While a provision in the Defense Federal Acquisition Regulation Supplement favors local businesses for any contracts resulting from base closure or realignment no upcoming projects on Guam qualify according to Capt. Paul T. Fuligni commanding officer of Naval Facilities Engineering Command Marianas. As the Journal reported in its July 7 issue officials from the Guam Economic Development and Commerce Authority in an effort to steer more military construction money to local businesses were told about DFARS Subpart 226.71 favoring "businesses located in the vicinity of a military installation that is being closed or realigned under a base closure law."

GEDCA set about to identify projects that qualified under the local-preference provision. As reported the agency was informed on May 30 that Joint Base Guam was a Base Realignment and Closure (BRAC) action while the Marine relocation and other buildup activities were not and do not fall under the local-preference provision.

As it was drafting a letter requesting a list of the projects that might qualify for the local preference GEDCA thought it had found one. In June the Navy released a solicitation for the renovation of the former Commander Naval Forces Marianas headquarters building on Nimitz Hill (more recently Guam High School) as the Headquarters for Joint Region Marianas. "This designation alone ‘Joint Region Marianas ‘ leads us to believe that this project should fall under the local-preference provision [of the DFARS] " said Anthony C. Blaz GEDCA administrator. Blaz cited the project in a letter to the Guam Chamber of Commerce as an opportunity for local businesses.

Not so Fuligni told the Journal. "The headquarters project in and of itself really is not being driven by the implementation of that [BRAC] recommendation " he said. The decision to establish joint basing in Guam – that is to transfer the management responsibilities for Andersen Air Force Base to Naval Forces Marianas – is in fact a BRAC 2005 recommendation Fuligni acknowledged. "Technically that would trigger the application of that [DFARS] provision " he said. As the Journal reported that had been confirmed to GEDCA by Lawrence R. Orr procurement center representative of the U.S. Small Business Administration after Orr consulted with NavFac Pacific officials in Hawaii.

However it is the overall growth of the Navy on Guam not the joint basing decision that is resulting in the Nimitz Hill project Fuligni said. "What really drove the project was just with the growth over the past few years of the Navy here on Guam and we have been growing slowly … we pretty much were filling out the existing office spaces and buildings we had on the base " he said. "We are literally chock-a-block out of space. We are converting conference rooms old storage rooms in order to accommodate and we will continue to grow and it’s not due to the BRAC recommendation."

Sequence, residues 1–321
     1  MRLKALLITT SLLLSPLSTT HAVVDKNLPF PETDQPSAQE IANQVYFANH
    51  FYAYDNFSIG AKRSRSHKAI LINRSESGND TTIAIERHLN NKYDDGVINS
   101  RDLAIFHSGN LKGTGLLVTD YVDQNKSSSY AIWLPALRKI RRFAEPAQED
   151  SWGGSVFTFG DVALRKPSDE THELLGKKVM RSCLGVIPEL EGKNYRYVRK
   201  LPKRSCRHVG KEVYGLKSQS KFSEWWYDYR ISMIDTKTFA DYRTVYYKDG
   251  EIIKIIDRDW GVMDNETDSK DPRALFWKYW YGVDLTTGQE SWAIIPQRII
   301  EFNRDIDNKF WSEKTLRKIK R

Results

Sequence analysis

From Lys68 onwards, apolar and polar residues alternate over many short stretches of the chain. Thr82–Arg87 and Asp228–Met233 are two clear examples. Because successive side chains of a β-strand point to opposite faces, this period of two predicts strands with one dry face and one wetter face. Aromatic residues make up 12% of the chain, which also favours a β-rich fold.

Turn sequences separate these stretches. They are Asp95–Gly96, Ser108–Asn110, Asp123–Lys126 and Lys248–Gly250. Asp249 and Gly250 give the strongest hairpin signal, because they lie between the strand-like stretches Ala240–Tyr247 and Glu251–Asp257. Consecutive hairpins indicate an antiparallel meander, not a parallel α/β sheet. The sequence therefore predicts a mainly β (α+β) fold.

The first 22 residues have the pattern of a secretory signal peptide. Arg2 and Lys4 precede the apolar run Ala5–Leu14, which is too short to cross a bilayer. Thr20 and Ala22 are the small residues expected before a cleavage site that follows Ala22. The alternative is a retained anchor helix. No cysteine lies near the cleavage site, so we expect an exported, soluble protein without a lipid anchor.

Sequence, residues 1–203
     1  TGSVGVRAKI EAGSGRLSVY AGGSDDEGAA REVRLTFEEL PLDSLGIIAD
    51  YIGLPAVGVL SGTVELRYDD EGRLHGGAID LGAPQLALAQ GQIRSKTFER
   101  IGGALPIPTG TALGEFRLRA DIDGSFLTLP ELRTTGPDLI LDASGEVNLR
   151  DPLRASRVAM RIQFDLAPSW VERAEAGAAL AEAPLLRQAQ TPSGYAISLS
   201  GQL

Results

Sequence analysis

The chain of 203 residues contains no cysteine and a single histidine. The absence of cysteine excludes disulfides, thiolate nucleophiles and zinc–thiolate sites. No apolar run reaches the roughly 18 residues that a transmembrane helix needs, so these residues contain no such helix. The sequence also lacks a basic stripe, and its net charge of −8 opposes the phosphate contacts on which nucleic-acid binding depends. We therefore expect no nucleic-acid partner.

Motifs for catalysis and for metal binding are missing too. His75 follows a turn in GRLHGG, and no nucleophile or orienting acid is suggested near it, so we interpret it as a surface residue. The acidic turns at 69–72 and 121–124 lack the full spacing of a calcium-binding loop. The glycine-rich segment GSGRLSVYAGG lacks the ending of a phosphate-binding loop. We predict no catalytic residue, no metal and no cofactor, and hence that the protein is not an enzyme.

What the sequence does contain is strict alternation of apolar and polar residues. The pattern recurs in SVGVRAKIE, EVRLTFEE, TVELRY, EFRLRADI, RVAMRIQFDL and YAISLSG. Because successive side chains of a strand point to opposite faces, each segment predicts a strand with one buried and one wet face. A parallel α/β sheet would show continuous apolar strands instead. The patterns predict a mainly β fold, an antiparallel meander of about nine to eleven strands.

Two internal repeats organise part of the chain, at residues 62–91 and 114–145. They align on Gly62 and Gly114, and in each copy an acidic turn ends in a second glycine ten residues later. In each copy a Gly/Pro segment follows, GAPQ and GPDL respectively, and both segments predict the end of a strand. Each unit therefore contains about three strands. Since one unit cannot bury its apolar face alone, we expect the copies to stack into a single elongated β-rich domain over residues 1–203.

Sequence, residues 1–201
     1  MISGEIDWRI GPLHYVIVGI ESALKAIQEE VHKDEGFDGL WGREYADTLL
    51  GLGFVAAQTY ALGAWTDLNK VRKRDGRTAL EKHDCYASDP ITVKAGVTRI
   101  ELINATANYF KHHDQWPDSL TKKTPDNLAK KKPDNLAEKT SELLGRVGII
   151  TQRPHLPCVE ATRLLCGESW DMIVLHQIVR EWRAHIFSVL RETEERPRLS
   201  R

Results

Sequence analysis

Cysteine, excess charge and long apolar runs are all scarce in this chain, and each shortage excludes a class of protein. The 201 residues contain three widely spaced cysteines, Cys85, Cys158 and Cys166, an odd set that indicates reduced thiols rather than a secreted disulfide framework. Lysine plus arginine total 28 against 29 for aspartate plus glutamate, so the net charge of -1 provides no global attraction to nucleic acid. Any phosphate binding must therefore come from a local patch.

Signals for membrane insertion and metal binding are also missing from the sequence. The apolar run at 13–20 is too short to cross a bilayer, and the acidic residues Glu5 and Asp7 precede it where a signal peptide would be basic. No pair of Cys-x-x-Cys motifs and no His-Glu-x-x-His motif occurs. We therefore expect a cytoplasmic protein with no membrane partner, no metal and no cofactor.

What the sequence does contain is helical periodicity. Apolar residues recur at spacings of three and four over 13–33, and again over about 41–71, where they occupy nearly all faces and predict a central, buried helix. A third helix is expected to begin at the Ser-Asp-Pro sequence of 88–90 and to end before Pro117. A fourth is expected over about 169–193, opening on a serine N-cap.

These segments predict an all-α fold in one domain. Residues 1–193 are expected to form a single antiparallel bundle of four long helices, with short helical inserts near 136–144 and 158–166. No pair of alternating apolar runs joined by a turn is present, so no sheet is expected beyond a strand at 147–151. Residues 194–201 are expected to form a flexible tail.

The need for a joint installation structure the lack of existing space on the base the availability of the Nimitz Hill building and the fact that "it would be ideal not to have that headquarters sitting on a Navy base " were factors that lead to the headquarters project. "It’s certainly titled Joint Region Headquarters but it [the building] wasn’t necessary to implement the recommendation " Fuligni said. "We could have implemented the joint basing recommendation where we are today if the Marines weren’t coming."

The Journal asked Fuligni if he was aware of any contracts that would fall under the local-preferences DFARS provision. "Not specific to base closure actions no " he responded.
In its previous article the Journal reported that GEDCA had sent a letter requesting information on "the amount and nature of the contracts that would be awarded under Joint Base Guam." The Journal has since learned that a follow-up letter has been sent by GEDCA to David F. Bice the executive director of the Joint Guam Program Office and that a letter has been sent to Guam

Congressional Delegate Madeleine Z. Bordallo "to assist in these efforts " said Blaz.
In addition to the BRAC 2005 joint-basing decision other major BRAC actions on Guam include the closure of Naval Air Station Agana resulting from a BRAC 1993 recommendation. That is the area known as Tiyan. BRAC 1995 recommended that the Navy Ship Repair Facility be shut down. That facility inside Naval Base Guam is now leased by the government of Guam and the Navy to Guam Industrial Services Inc. doing business as Guam Shipyard.